The New York farm helping young people into work
The world’s biggest economy is bouncing back from the impact of the coronavirus lockdowns, but the US still has 8.4 million fewer jobs since the beginning of the pandemic.
Urban farms work to get healthy foods to their communities
These days, hunger is hitting black and brown communities especially hard. In urban “food deserts” where access to healthy foods is hard to come by, some are turning to age-old solutions. Craig Melvin visits an urban farm in Red Hook, Brooklyn, as TODAY’s Inequality in America series continues.
Mayors Office of ThriveNYC
Celebrating mental health heroes: Social work in the park: Florie St. Aime
When COVID-19 first hit Brooklyn’s Red Hook community in March, Florie St. Aime found new ways to reach her neighbors with help and support. Every Wednesday Florie, a Clinical Social Work Manager at the Red Hook Initiative (RHI), brought a table to Coffey Park.
The New York Times
They’re Young, Unemployed and Facing Bleak Prospects
The Red Hook Initiative, a nonprofit community organization in Brooklyn, places young adults in paid internships with small businesses and social justice groups. But with few places taking new people, it is now paying many of them $15 an hour to work in the community, including giving out free food from its urban farm and handing out face masks and hand sanitizers.
Enterprise Community Partners
Community Organizer Fellowship Spotlight: Red Hook Initiative
An Interview With Kiyana Slade at the Red Hook Initiative In 2019, Enterprise launched the Community Organizer Fellowship, a program funding three community-based organizations across New York State to further their community organizing priorities. The fellowship seeks to empower these organizations to address pressing issues including displacement and increasing the supply of affordable housing.
I Believe Good Food Is a Right. So I’m Teaching Kids to Farm.
Today, with the help of my team of youth farmers, we packed up 216 bunches of red Russian kale and scallions for families in need. That’s nothing compared to what a larger-scale farm can do, but I’d argue that the work we’re doing is more important.
Red Hook Houses residents demand NYCHA slow down construction project
There are calls from a community to stop a construction project at a housing development in Brooklyn that has already closed off access to ball fields, playgrounds and benches in the middle of a pandemic. But residents of the Red Hook Houses living in the middle of a construction site, surrounded by 39 acres of metal fencing and mountains of soil with courtyards turned into mazes, say it is also raising other serious health concerns.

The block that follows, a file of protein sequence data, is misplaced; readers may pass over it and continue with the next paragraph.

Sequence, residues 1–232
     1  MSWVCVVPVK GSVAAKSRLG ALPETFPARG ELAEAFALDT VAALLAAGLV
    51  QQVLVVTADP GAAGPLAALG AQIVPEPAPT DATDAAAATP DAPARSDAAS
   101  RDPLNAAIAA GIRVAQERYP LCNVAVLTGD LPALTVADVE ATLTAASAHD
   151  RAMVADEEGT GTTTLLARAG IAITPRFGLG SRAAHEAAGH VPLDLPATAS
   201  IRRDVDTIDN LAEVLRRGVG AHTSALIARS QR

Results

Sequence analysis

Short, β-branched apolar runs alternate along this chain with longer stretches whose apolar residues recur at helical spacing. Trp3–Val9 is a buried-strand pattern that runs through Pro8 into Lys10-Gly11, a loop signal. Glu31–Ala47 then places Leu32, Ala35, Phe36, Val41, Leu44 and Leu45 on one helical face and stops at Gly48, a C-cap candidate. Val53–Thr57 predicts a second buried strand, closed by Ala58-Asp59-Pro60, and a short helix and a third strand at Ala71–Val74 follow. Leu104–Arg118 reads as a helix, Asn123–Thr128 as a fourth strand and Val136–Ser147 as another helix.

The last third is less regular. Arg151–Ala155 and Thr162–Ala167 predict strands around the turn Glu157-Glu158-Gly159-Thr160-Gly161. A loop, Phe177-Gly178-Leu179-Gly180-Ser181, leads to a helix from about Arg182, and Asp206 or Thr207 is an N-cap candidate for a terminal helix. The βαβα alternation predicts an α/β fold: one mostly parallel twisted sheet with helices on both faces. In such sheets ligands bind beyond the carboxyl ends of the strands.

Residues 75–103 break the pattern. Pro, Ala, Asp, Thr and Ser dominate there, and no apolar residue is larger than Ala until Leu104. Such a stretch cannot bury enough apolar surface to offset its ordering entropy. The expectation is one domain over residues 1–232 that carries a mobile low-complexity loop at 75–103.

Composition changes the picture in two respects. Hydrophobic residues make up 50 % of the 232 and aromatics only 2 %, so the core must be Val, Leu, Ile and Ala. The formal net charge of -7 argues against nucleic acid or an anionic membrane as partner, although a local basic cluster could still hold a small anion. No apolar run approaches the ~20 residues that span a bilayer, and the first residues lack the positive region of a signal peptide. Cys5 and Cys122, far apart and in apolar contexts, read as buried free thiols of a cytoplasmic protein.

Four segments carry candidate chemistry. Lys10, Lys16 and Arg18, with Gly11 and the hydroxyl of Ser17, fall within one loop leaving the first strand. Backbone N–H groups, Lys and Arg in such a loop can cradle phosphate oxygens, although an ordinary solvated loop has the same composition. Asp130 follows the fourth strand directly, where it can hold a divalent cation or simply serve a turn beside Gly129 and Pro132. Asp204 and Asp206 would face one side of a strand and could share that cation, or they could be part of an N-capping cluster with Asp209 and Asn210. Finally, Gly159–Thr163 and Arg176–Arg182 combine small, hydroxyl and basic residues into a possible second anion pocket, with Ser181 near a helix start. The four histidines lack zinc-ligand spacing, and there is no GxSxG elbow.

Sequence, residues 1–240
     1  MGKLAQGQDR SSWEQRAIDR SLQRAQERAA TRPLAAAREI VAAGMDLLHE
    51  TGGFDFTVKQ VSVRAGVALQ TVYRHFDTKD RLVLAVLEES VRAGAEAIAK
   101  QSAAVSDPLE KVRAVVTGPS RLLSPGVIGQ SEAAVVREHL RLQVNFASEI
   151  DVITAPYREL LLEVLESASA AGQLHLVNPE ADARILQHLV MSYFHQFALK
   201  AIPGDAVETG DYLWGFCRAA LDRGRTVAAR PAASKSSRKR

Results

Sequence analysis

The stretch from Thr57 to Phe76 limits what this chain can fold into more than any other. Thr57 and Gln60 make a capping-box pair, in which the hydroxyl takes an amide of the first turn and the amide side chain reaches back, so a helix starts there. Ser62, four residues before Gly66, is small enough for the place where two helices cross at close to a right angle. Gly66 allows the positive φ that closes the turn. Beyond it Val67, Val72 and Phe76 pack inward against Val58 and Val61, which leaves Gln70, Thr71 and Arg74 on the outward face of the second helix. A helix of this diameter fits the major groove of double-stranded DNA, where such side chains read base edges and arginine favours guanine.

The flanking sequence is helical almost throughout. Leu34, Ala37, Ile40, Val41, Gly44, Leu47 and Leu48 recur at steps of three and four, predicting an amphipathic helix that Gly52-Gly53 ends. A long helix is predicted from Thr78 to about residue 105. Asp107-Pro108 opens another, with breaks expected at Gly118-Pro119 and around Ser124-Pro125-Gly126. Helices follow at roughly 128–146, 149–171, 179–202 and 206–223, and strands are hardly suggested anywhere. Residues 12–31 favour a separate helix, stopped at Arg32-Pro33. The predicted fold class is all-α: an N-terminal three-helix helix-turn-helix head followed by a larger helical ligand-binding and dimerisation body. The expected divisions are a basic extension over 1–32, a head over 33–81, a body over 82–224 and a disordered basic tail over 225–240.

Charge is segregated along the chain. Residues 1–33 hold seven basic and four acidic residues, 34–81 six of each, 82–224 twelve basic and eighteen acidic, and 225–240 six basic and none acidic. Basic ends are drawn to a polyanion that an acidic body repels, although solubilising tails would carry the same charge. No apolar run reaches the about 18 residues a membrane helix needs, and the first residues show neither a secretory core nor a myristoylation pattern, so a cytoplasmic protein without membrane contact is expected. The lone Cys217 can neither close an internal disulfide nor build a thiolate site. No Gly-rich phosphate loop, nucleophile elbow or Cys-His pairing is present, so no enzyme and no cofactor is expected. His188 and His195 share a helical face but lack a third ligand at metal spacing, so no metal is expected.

Community groups, residents rally for city construction at Red Hook Houses to stop during pandemic
Red Hook Houses residents called Tuesday for a stop to all construction. City officials said there is a good reason for the construction. It’s all part of the Sandy Resiliency and Renewal Program, designed to lessen the community’s vulnerability to natural disasters. The project is funded with $550 million from the Federal Emergency Management Agency.
Kings County Politics
Let Red Hook Breathe Says NYCHA Residents
Screaming to ‘Let Red Hook Breathe,’ residents and public housing advocates demanded more playgrounds, clean air and water, the replanting of the neighborhood’s trees, more lighting, air and soil testing because of the neighborhood’s industrial history with toxic land use, and a better emergency response and fire safety plan for the community.
Red Hook farms helping feed families during pandemic
The Red Hook Farm is three acres, tucked in the middle of an industrial corner of Red Hook on Columbia Street. The farm is run by a non-profit organization called the Red Hook Initiative. Every week, the group is busy putting fresh food in boxes for families in need. Since COVID-19 began to spread, the group went from feeding 100 families a week, to now almost 500 families a week.
Here Are 7 Brooklyn Organizations Raising Funds and Doing Good Across the Borough
While New York slowly emerges from stay-at-home orders, there are still plenty of Brooklynites in need. Here’s a roundup of just some of the organizations that are raising funds to make a difference, whether it’s feeding those in need, supporting frontline workers or trying to keep small businesses afloat.
Rising sea levels leave public housing residents struggling with mold